Creels were used by fishwives to carry fish for sale. The creels were loaded with fish that had been caught while line fishing, and the fishwives took them to sell inland, around the crofting settlements.
The “East Coast” creel is similar in construction to the back creel used on crofts in the Highlands and Islands off the west coast of Scotland, but the sides were completely filled in with weaving, apart from a small gap, on each side, for the strap. The women carried the creels on their back by putting the strap either across their shoulders or across their forehead. The creels were made from willow or sometimes from hard wearing cane.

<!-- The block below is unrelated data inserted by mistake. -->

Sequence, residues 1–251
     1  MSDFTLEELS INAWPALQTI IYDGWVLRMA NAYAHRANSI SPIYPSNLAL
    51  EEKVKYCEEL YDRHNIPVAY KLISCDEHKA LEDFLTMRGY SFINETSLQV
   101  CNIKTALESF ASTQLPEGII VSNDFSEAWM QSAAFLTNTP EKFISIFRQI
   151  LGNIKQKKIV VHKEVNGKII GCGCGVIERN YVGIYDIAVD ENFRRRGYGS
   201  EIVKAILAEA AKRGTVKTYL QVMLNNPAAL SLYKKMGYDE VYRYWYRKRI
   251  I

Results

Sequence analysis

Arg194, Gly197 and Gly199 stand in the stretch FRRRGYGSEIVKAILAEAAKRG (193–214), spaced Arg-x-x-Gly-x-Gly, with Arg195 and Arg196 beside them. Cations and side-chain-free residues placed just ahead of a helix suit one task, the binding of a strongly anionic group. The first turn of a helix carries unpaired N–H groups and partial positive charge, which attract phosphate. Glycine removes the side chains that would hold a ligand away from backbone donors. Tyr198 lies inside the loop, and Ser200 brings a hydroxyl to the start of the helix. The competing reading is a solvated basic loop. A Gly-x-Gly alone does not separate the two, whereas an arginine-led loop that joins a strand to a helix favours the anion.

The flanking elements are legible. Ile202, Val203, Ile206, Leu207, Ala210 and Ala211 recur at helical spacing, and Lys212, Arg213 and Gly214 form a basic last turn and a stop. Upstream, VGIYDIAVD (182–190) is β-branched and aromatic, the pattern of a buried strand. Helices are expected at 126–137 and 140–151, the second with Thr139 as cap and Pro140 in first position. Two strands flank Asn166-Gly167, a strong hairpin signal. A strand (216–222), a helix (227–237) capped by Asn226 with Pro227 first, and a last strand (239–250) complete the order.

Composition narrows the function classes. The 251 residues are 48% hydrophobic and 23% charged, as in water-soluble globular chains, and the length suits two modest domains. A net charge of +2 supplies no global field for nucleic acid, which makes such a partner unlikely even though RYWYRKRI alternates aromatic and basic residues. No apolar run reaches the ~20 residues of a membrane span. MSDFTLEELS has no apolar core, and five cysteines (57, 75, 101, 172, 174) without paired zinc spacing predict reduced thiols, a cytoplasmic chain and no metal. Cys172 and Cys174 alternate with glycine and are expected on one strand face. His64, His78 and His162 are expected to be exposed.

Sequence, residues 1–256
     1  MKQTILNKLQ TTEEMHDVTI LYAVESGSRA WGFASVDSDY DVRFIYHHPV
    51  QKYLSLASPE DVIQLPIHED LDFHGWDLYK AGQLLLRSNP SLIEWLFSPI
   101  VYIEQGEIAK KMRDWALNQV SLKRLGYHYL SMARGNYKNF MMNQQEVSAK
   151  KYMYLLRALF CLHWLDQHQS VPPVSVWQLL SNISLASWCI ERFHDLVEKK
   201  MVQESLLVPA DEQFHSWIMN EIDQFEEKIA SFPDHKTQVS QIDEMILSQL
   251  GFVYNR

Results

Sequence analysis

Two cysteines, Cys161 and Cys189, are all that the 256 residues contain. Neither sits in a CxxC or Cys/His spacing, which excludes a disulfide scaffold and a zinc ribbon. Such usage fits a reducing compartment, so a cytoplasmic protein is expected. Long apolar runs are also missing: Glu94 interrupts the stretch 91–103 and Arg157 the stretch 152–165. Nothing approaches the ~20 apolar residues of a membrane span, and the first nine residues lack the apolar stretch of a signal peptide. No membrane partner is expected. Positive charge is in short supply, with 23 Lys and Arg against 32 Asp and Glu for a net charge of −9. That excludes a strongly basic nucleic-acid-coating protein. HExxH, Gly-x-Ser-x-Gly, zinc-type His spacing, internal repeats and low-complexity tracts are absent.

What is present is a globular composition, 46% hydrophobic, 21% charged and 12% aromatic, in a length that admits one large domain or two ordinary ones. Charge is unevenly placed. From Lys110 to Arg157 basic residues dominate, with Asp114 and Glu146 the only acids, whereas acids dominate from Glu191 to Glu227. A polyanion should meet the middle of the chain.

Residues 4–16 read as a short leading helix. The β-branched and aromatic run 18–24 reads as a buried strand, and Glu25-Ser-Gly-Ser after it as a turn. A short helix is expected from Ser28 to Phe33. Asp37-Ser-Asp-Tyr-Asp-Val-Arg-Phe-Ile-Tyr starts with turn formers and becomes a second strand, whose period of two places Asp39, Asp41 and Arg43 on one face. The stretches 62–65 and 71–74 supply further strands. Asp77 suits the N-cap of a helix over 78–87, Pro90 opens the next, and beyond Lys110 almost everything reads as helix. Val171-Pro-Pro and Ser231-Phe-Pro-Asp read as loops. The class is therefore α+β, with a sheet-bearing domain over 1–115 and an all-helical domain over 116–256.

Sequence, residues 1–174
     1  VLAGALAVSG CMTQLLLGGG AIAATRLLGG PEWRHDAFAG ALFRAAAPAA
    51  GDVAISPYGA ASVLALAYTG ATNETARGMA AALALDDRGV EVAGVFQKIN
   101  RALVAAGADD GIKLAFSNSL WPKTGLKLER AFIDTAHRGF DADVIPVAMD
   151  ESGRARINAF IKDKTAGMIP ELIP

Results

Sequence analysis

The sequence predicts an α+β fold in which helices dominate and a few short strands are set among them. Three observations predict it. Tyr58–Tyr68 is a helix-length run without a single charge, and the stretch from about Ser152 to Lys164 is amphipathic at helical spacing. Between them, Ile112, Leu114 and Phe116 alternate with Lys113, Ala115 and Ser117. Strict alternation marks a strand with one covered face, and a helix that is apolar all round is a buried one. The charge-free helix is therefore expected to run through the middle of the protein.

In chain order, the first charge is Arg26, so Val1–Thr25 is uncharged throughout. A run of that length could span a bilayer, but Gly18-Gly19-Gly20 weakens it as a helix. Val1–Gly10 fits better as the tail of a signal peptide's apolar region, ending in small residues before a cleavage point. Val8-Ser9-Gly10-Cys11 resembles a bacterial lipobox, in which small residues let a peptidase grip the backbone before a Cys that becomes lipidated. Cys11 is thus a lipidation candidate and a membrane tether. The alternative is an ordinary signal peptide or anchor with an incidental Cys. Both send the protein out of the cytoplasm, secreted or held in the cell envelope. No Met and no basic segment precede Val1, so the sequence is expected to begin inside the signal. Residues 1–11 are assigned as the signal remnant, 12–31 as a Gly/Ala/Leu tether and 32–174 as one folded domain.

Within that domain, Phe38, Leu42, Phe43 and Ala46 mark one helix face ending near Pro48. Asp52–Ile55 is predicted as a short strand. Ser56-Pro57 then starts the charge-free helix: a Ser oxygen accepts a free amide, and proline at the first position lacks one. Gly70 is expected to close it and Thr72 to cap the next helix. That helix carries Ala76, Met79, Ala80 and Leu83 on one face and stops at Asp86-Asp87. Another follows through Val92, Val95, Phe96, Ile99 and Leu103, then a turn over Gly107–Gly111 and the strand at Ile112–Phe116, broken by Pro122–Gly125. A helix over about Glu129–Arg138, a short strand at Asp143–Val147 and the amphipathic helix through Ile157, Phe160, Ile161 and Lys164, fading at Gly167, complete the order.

It wasn’t uncommon for a fully loaded creel to weigh as much as six stone and it had to be lifted onto a woman’s back by another two women. The fisherwife had a list of names of the people to go to on her rounds selling fish. It was said that a fisherwife always arrived at the front door and not the tradesman’s entrance!
On the return journey the creel was often full of peat, butter and eggs. The advent of railways made it a lot easier to travel and the fishwives laden with creels of fish were often seen on trains traveling along the coast.